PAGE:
JACKSON • Forty-six coaches and athletic directors from across the state traveled to Jackson on Thursday to lobby the Mississippi Legislature to change the state’s flag.
All eight of Mississippi’s public universities were represented at a press conference.
That includes Ole Miss, Mississippi State, Southern Miss, Delta State, Alcorn State, Jackson State, Mississippi Valley State and the Mississippi University for Women. The reason for the press conference was to urge state government to remove the Confederate battle symbol from the state flag.
This followed the NCAA, SEC and C-USA’s rulings last week which barred conference championships and postseason events from Mississippi until the state flag is changed.
That policy would exclude the state’s baseball and softball programs – Ole Miss, MSU and USM – from hosting NCAA regional or super regional games. It would also keep first- and second-round NCAA women’s basketball playoff games from being played in the state.
Mississippi State starting running back Kylin Hill also stated earlier in the week that he would not represent the state until the flag is changed, and former Ole Miss basketball player Blake Hinson, who recently transferred, said he was glad to not represent the flag anymore and not to be associated with anything representing the Confederacy.
While 13 representatives from Ole Miss and Mississippi State traveled to the Capitol, Ole Miss men’s basketball coach Kermit Davis and Mississippi State women’s basketball coach Nikki McCray-Penson each gave statements and answered questions.
Davis spoke first and said the coaches were there to create change for the flag. He said his basketball players are hurt, and they want change. He said he believes that everyone would agree that everyone wants a state with great pride and a state that flourishes in economy, business and education, and that starts with changing the flag.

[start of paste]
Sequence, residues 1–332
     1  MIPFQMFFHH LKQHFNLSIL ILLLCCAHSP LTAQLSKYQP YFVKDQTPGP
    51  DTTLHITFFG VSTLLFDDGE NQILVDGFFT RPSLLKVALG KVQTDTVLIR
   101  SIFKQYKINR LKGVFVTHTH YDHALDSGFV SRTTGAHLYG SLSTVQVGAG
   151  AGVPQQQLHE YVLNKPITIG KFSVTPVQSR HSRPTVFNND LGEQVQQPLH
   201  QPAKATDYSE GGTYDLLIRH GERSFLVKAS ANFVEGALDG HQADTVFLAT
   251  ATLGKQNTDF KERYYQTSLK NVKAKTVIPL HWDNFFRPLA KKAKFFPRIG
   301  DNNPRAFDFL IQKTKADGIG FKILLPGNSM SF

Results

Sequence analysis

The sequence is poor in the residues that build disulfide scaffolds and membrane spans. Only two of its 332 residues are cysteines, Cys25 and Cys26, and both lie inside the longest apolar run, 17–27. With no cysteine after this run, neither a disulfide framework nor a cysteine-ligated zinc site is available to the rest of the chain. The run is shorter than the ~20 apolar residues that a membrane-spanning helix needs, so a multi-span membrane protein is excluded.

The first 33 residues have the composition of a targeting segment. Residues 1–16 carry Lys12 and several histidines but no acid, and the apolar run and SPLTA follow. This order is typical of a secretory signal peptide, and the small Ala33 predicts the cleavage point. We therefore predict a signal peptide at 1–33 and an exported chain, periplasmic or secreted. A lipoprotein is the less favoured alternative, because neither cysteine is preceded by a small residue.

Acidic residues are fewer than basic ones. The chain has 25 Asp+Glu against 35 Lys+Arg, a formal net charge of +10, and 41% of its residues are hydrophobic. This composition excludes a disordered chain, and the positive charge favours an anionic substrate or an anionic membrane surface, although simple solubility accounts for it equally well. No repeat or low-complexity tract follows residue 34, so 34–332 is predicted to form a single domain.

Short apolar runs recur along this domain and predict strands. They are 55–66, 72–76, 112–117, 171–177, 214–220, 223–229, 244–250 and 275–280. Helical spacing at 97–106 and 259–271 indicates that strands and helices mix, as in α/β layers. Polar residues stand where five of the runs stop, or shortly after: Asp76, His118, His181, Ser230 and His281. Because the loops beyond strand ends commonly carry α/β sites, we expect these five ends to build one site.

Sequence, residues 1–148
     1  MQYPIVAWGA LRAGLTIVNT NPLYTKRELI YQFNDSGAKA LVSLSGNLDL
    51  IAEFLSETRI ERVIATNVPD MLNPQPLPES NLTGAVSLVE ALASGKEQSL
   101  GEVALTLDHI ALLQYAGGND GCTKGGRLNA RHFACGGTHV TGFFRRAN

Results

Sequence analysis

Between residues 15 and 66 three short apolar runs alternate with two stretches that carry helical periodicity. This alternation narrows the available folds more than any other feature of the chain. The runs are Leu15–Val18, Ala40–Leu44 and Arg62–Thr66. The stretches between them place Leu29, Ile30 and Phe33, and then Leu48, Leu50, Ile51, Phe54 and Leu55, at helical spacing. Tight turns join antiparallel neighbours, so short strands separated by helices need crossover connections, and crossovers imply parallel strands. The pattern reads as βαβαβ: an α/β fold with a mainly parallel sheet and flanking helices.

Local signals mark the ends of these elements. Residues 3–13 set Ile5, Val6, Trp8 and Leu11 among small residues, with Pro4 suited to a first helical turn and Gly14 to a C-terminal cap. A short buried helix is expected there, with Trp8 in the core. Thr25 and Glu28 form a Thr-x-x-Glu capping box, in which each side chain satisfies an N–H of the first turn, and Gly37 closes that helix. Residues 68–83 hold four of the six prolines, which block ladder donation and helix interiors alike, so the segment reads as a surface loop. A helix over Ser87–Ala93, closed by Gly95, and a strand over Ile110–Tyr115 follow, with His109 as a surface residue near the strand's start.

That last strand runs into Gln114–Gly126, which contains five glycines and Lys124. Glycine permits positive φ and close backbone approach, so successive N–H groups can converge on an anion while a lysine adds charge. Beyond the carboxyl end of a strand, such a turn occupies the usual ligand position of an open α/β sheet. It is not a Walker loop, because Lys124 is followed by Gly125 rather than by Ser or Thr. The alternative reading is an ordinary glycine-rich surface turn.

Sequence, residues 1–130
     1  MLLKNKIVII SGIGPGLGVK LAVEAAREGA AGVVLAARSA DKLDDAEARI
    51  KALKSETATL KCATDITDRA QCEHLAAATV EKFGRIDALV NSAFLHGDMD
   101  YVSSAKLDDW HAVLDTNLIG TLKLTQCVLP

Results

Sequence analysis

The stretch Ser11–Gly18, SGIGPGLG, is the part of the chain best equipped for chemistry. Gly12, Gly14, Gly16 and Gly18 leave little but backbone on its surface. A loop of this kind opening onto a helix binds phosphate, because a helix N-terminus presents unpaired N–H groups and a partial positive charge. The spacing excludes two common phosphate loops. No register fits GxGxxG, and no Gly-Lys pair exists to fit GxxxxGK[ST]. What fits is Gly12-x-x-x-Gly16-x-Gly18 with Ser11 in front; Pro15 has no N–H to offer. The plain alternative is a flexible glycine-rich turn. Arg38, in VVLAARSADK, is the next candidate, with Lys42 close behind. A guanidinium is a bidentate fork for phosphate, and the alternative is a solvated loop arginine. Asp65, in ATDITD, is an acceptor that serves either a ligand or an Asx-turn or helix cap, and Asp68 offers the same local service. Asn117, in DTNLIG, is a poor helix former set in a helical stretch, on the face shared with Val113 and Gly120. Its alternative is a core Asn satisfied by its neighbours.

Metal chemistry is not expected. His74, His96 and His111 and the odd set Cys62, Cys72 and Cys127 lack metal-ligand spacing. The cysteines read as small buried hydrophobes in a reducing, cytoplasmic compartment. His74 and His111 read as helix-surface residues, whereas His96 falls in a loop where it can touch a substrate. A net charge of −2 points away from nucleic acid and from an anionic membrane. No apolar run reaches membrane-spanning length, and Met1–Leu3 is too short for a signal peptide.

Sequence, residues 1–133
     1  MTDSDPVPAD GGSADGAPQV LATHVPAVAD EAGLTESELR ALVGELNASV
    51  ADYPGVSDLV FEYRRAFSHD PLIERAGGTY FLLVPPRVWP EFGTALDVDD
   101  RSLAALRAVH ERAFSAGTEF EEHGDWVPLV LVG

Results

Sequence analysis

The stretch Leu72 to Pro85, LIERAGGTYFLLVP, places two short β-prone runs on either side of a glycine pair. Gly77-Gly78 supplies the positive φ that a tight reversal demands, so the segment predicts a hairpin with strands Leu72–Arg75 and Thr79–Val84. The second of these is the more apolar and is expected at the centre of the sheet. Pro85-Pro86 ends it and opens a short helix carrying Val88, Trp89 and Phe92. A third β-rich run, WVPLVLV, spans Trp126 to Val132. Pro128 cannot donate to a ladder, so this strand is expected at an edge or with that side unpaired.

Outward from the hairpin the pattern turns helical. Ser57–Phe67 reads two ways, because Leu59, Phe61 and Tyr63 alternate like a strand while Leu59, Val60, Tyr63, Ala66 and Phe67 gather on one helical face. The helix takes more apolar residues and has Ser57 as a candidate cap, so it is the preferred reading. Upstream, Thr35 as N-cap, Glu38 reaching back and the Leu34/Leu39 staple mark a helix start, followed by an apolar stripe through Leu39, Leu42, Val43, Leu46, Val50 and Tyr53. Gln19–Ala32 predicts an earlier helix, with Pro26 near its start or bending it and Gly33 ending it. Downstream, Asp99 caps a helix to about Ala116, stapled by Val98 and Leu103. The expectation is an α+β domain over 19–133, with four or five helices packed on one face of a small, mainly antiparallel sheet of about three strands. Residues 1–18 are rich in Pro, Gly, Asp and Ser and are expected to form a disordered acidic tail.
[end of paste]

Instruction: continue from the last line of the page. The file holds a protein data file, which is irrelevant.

“Mississippi needs to have a flag that is great for all the citizens in our state,” Davis said. “Mississippi needs to have a flag that is right for all of our students in-state and all of our out-of-state students and student athletes that come on our campus.”
McCray-Penson followed Davis with a statement of her own, saying she knows first-hand what it feels like to see a Confederate flag and pretend that it does not have racist, violent, or oppressive overtones.
She said the flag screams hate and hurts her to her core and that students don’t just commit to competing and representing the university, they commit to compete and represent for the entire state.
“Mississippi State University’s mission of diversity, inclusion and equal opportunity is hampered by this symbol of hatred,” McCray-Penson said.
House Speaker of the House Philip Gunn, R-Clinton, followed and said the entire state, including athletic leaders, religious leaders, and citizens are all “screaming for change” and that the actions by the NCAA and SEC have brought a quantifiable hurt to the state.
He said that ruling is hurting the state financially while it hurts the university from recruiting not only student-athletes, but students in general.
“This is an issue that needs to be resolved and resolved quickly,” Gunn said. “The longer it goes, the more it festers and the harder it is going to be later on. The image of our state is at stake here, ladies and gentleman. The nation is watching. They want to know what we as a state stand for.”
“This is bigger than just athletics,” Gunn continued. “This is about the image of the state of Mississippi and what are we going to stand for. How are we going to be viewed by the people across this world? And now is the time. We have an opportunity here to make history.”